An era of Suo Motus and Judicial Activism
October 8, 2020 03:12 PM
The tenures of both Justice Iftikhar Chaudhry and Justice Saqib Nisar, as Chief Justices of the Supreme Court of Pakistan, would be remembered for the massive use of Suo Motu powers. Justice Iftikhar Chaudhry touched the ever-highest mark of initiating 70 Suo Motu actions interfering in almost every sphere of life in the country. At the time of his retirement, his critics termed his tenure the ‘reign of Suo Motus’.
His successor, Justice Saqib Nisar broke his record when he ended up taking over 100 Suo Motu notices on major and minor cases. This led to jurists’ terming it a sort of judicial activism wherein some cases provisions of the Constitution are ignored and the writ of the government is undermined.
Legally speaking, the Suo Motu is an action taken by a superior court of its own accord, without any request by the parties involved. It is a Latin legal term which means “on its motion” and implies that an action was taken by a group or person on their own. To define the term Suo Motu in simple terms is taking control over a matter.
In Pakistan, the superior courts used to initiate legal proceedings on their own based on media reports, telegrams, and letters received from aggrieved people, taking a Suo Moto cognizance of the issue. Suo Moto action can best be explained when either a High Court or Supreme Court takes control over the matter or the case.
Former Chief Justice Saqib Nisar.
Justice Iftikhar started targeting the government and the military establishment as he started hearing the famous case of ‘Missing Persons’ and reviewing the worsening law and order situation in Karachi. Another case was the holding of Local Body elections. His actions were harsh even though they had earned an endorsement from the general public. However, towards the end of his tenure, his relationship with public opinion decreased gradually. No one could say with certainty that the next Chief Justice would change this scenario.
Legal experts and renowned jurists believe that the option of initiating a Suo Motu action should be exercised sparingly and that too only when the objective is to ensure fair play and upholding of the justice system.
But the wave of judicial activism in terms of initiating Suo Motu actions during Justice Chaudhry’s tenure had been at the expense of parliamentary sovereignty and supremacy. The Black’s Law Dictionary defines judicial activism through Suo Motu actions as "a philosophy of judicial decision-making whereby judges allow their personal views about public policy, among other factors, to guide their decisions, usually with the suggestion that adherents of this philosophy tend to find constitutional violations, and are willing to ignore precedent."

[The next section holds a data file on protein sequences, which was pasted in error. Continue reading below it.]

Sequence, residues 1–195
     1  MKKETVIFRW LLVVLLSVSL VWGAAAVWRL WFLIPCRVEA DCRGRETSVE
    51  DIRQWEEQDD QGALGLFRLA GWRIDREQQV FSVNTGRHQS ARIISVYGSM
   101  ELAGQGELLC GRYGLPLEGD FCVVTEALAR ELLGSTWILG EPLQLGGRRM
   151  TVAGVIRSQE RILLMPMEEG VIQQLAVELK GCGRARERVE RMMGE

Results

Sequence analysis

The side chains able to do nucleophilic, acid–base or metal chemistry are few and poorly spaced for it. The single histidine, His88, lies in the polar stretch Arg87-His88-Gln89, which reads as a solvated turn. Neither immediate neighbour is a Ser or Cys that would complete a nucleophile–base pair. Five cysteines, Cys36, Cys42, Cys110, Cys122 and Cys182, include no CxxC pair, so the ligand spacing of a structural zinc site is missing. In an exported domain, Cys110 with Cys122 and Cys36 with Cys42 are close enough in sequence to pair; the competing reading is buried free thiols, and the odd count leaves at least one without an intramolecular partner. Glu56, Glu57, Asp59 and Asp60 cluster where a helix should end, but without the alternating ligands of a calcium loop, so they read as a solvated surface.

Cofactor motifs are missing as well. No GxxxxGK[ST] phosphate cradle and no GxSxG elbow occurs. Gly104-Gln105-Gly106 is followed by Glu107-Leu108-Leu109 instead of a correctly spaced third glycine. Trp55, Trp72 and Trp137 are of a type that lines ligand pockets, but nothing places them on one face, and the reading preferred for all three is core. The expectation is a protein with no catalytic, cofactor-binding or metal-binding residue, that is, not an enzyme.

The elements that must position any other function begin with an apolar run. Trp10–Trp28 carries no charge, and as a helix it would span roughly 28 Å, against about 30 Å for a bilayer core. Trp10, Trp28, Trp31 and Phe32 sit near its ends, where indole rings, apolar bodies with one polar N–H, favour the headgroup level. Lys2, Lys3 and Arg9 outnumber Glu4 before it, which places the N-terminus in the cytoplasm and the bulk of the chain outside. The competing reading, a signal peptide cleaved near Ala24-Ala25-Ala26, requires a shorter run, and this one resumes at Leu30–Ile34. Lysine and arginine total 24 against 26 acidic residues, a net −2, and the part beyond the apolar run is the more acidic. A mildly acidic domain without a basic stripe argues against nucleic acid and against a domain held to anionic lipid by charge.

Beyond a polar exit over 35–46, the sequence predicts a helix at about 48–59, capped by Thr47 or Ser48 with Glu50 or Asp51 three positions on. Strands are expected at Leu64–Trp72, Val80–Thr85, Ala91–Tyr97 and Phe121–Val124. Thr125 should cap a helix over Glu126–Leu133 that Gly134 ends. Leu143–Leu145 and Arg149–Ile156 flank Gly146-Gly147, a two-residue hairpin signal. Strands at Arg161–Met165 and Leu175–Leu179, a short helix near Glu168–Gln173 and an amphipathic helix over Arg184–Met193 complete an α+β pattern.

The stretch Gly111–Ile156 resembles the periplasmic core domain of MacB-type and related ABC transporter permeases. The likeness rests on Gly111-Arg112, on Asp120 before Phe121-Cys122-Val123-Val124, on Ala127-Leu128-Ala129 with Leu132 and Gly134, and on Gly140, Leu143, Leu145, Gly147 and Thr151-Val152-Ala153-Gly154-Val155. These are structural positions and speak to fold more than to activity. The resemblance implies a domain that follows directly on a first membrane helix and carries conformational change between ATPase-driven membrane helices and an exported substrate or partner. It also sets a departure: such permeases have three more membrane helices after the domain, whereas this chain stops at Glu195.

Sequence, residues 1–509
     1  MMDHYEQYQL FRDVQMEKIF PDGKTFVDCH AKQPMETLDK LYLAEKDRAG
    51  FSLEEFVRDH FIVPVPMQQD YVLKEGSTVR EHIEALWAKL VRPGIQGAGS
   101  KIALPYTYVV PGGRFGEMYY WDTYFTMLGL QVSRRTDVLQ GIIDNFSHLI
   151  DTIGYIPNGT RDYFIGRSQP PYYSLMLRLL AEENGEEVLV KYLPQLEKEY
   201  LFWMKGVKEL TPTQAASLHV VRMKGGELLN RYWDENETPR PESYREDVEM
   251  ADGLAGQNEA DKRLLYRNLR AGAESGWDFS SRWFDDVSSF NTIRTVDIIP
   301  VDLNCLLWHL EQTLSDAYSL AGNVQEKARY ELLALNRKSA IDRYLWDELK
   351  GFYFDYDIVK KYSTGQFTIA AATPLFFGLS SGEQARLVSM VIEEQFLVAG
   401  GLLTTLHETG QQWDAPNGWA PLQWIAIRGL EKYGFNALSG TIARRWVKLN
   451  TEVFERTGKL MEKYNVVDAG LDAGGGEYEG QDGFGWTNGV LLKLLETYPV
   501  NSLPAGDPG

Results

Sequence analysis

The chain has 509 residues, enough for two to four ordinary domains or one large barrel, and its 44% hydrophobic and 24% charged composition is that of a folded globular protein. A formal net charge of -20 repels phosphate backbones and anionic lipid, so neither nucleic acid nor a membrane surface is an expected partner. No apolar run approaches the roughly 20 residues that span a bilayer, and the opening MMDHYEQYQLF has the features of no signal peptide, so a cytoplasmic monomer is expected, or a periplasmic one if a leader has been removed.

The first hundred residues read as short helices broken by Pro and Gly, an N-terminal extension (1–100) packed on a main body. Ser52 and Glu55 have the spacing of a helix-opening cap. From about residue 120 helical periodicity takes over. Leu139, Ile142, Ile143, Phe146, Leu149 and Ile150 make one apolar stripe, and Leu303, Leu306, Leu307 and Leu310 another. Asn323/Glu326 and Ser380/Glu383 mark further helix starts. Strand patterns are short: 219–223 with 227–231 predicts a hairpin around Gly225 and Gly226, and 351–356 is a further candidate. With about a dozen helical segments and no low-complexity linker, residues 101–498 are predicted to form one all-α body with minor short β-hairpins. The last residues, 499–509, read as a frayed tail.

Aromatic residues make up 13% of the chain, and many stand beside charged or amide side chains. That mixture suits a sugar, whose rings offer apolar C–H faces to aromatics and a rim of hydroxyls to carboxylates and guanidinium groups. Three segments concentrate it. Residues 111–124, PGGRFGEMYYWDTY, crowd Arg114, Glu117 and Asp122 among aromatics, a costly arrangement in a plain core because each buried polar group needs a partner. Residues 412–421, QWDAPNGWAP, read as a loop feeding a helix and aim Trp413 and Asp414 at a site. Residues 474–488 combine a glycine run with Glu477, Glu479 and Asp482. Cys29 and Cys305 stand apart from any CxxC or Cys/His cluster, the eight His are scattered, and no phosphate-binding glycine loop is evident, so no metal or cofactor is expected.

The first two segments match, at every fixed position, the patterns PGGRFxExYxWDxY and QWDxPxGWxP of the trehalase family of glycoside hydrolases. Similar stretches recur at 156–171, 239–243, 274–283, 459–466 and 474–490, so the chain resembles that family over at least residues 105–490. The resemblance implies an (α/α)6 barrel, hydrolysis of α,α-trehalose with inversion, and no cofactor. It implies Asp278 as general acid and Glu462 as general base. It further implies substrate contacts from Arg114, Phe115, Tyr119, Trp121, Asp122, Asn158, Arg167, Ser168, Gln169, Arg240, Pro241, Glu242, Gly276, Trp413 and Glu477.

However, it may be kept in mind that specifically, the Suo Motu jurisdiction, under Article 184(3) read with 187(1), of Pakistan’s Constitution has empowered the Supreme Court to "make an order", if it considers; "that an issue is of vital public significance; and the violation of fundamental Human Rights has arisen, and the objective is the provision of "complete justice".
The former CJP, however, redefined the powers and scope of Suo Motu jurisdiction under Article 184(3) of the Constitution. The prominence and impact of judicial activism in Pakistan, following the restoration of Justice Iftikhar Chaudhry, could be judged from the fact that the number of applications submitted in the Human Rights Cell, increased to the tune of 139,906 applications per day from 2009 to 2011, as compared to 500 applications per year in the past.
The evolution of jurisprudence under Article 184(3), during the controversial tenure of Justice Iftikhar Chaudhry, reveals that the former head of the apex court was more than willing to intervening in every issue and even tried to control sugar prices, failing to realize that the prices of commodities were controlled by market forces and not through judicial orders.
Former Chief Justice Chaudhry Iftikhar.
Even though Chaudhry Iftikhar was regarded as having a tilt towards Sharifs, took Suo Motu notice of the alteration in the Murree gas pipeline project which was alleged to benefit Hamza Shehbaz Sharif who was accused of constructing a bungalow at Dunga Gali. This alteration was costing Rs750million along with the destruction of thousands of trees. Similarly, he initiated Suo Motu action against overextension of Canal Road Lahore where hundreds of trees were being cut to facilitate the elite.
The CJP did not hesitate to take Suo Motu after learning the theft of electricity worth millions of rupees by former military dictator General Pervez Musharraf and some other influential residents of Islamabad’s Chak Shahzad farmhouses.
When the issue of cartelisation of the sugar mafia leading to an unprecedented increase in the sugar price was brought before the apex court, the CJP took Suo Motu notice and fixed the sugar price at Rs40 per kg ordering the federal and provincial governments to take strict action to ensure implementation of the Supreme Court orders.
Justice Chaudhry ordered the end of the New Murree Project, worth Rs60 billion, which was a man-made disaster for the entire forest range of Murree.
Similarly, the CJP took Suo Motu notice of the regularisation of 50 acres of Karachi land at throwaway prices that led to the immediate cancellation of the allotment.